What Will Happen to Experienced Oil, Gas Workers?

What Will Happen to Experienced Oil, Gas Workers?
Rigzone's worker exodus survey finds that highly experienced oil and gas professionals are struggling with whether or not to return to the industry in the wake of a new normal.

Nearly one-third of respondents to Rigzone’s worker exodus survey are highly experienced (having more than 20 years of oil and gas experience). This group of industry professionals has been quite vocal about how they feel about leaving the industry – either voluntarily or involuntarily.

Some have decided to leave the industry due to disappointing job opportunities or an uncertain future with volatile commodity prices. Several have gone as far as to swear off the industry altogether and warn newcomers against entering into the world of oil and gas.

“As long as we have workers willing to learn and put their skills to use, they will be hired. There is no room for complacency; workers need to adjust to change.”

Fifty-two percent of Rigzone’s respondents with more than 20 years of industry experience are currently unemployed, having most recently worked in oil and gas. Almost half of these people were the victim of a layoff within their company. Yet 83 percent of them are still actively looking for employment in the oil and gas industry.

Glory Days Are Gone

Many experienced job-seekers have reached out to Rigzone, expressing frustration with employers, claiming they were pushed out to make room for younger and cheaper labor.

However, Regina Mayor, U.S. and global energy sector leader for KPMG, doesn’t see this as the case.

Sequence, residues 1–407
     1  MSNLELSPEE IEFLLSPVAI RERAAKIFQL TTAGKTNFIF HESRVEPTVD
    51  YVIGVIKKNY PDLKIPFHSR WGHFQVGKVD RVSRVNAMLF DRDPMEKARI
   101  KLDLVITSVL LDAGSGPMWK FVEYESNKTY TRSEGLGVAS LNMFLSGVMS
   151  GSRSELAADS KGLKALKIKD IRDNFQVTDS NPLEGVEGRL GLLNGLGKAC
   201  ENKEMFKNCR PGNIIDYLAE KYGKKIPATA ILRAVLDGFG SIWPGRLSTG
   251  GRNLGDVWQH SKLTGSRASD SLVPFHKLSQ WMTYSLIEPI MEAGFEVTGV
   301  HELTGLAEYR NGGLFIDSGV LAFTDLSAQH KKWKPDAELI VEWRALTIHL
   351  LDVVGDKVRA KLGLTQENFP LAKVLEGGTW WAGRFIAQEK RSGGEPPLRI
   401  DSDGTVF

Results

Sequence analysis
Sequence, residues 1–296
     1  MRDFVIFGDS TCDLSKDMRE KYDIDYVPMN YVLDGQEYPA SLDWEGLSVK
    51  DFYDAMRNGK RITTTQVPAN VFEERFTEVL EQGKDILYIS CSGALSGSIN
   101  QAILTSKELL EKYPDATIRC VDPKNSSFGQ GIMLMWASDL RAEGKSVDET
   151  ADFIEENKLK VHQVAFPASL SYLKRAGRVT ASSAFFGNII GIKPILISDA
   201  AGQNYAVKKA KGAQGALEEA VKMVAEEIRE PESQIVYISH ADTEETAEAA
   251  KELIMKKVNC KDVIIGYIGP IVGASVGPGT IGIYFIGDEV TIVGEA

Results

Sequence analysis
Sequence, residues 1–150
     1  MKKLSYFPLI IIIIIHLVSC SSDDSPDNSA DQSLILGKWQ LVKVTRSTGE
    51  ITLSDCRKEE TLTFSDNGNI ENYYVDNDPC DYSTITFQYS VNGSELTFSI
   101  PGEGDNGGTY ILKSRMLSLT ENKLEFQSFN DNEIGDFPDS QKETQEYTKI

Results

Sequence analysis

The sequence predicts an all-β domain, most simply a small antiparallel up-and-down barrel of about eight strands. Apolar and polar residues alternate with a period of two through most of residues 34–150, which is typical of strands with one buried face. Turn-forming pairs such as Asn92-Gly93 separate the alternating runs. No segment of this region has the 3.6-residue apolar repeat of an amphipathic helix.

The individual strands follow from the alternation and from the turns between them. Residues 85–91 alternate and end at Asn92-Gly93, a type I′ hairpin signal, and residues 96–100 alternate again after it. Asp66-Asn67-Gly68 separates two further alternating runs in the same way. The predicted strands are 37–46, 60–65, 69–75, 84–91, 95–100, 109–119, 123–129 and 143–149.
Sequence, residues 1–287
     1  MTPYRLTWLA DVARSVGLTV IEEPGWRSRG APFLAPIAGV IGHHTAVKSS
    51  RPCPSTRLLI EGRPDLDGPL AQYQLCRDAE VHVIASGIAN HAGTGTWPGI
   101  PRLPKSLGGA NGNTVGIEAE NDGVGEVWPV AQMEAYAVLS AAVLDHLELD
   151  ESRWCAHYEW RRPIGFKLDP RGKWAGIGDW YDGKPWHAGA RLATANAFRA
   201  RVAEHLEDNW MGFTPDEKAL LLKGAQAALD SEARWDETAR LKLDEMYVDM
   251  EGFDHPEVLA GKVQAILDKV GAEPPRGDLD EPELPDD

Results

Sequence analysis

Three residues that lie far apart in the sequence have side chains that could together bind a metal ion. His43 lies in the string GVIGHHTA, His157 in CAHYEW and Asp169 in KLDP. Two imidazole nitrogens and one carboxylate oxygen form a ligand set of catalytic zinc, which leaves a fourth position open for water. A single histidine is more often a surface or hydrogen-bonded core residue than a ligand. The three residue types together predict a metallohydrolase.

“My perspective is that less experienced resources have been cut to save more experienced resources,” Mayor told Rigzone. “Oil companies have favored experience and performance during the downturn … they have tried to use this down cycle to create a high-performing culture and use previous performance and experience as the key indicator for retaining resources.”

David Hsieh, an oil and gas professional with 35 years of industry experience, was laid off (he was asked to sign a termination agreement) during the most recent downturn and he says this low cycle is much different than past ones.

“I chose to retire after working as an expat in China for 18 years and there was no hope of a firm recovery,” he told Rigzone. “I am one of the lucky ones that enjoyed the glory days of big oil and my own frugal lifestyle to have plenty to retire at age 58. I did not actively look for employment and didn’t focus in my old field, but feel the combination of my 35 years’ experience and seniority give the recruiters excuses to bypass me.”

Having survived the energy crises of the 80s and the financial crisis of 2009, Hsieh maintains this down cycle is more than a “severe winter.”

“The upstream oil and gas industry recovered within a year each time even though many of us in operations were removed from the payroll,” he said. “The world had never experienced such a drastic collapse of an industry and this is more like an ‘Ice Age’ of the petroleum industry in my opinion. The glory days are gone!”

Life After Oil and Gas

Some workers found greener pastures in other industries after being laid off from oil and gas. Twenty-year oil and gas veteran Reinel Solano is one such person, who used his severance money to purchase his own Floor Coverings International franchise in Houston. Solano, who was a reservoir engineer, has since hired two full-time employees and employs five crews of contractors. Though he said managing a business doesn’t come without its stress, he enjoys the work. Still, returning to oil and gas is a possibility.